Markerless human movement analysis through visual hull and articulated ICP

The overall goal of our research is to develop a markerless system using multiple optical sensors that will efficiently and accurately provide 3D measurements of human movement for application in clinical practice. Our approach employs an articulated iterative closest point (ICP) algorithm with soft joint constraints [63] for tracking human body segments in visual hull sequences (a standard 3D representation of dynamic sequences from multiple images). The soft joint constraints approach extends previous approaches [42, 50] for tracking articulated models that enforced hard constraints on the joints of the articulated body. Small movements at the joint are allowed and penalized in least-squares terms. As a result a more anatomically correct matching suitable for biomechanical applications is obtained with an objective function that can be optimized in an efficient and straightforward manner.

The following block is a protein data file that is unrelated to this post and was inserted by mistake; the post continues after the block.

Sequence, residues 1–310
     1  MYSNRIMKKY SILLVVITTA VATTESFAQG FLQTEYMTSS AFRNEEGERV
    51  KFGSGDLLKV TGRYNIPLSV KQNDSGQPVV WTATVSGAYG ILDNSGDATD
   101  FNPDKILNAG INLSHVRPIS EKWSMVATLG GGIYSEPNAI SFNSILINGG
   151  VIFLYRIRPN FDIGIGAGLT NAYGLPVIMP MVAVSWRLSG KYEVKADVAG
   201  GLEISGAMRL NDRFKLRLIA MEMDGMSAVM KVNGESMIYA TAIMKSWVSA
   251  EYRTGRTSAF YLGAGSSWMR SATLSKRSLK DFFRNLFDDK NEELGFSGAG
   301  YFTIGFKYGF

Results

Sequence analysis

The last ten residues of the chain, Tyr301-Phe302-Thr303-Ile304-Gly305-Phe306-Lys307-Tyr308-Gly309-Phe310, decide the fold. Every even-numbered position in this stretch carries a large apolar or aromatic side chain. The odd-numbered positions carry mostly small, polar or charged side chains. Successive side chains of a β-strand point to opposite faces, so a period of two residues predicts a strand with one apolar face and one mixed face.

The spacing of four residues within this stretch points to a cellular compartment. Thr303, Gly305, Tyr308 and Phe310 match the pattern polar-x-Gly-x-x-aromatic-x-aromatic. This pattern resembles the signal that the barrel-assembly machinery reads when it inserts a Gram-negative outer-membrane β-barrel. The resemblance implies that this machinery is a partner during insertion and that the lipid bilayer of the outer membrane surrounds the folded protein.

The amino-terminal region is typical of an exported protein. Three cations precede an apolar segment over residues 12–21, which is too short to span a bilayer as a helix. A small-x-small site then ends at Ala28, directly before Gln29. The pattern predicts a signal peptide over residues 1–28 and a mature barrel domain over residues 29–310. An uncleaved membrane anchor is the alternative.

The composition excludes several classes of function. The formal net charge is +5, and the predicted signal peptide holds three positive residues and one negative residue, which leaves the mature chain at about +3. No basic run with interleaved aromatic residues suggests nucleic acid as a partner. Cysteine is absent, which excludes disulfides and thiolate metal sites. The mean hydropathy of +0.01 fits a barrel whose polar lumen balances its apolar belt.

The articulated ICP algorithm is a generalization of the standard ICP algorithm [64, 65] to articulated models. The objective is to track an articulated model in a sequence of visual hulls. The articulated model M is represented as a discrete sampling of points p 1 , ..., p P on the surface, a set of rigid segments s 1 , ..., s S , and a set of joints q 1 , ..., q Q connecting the segments. Each visual hull is represented as a set of points V = v 1 , ..., v N , which describes the appearance of the person at that time. For each frame of the sequence, an alignment T is computed, which brings the surfaces of M and V into correspondence, while respecting the model joints q. The alignment T consists of a set of rigid transformations T j , one for each rigid part s j . Similar to ICP, this algorithm iterates between two steps. In the first step, each point p i on the model is associated to its nearest neighbor vs(i)among the visual hull points V, where s(i) defines the mapping from the index of a surface point p i to its rigid part index. In the second step, given a set of corresponding pairs (p i , vs(i)), a set of transformations T is computed, which brings them into alignment. The second step is defined by an objective function of the transformation variables given as F(T) = H(T) + G(T). The term H(T) ensures that corresponding points (found in the first step) are aligned.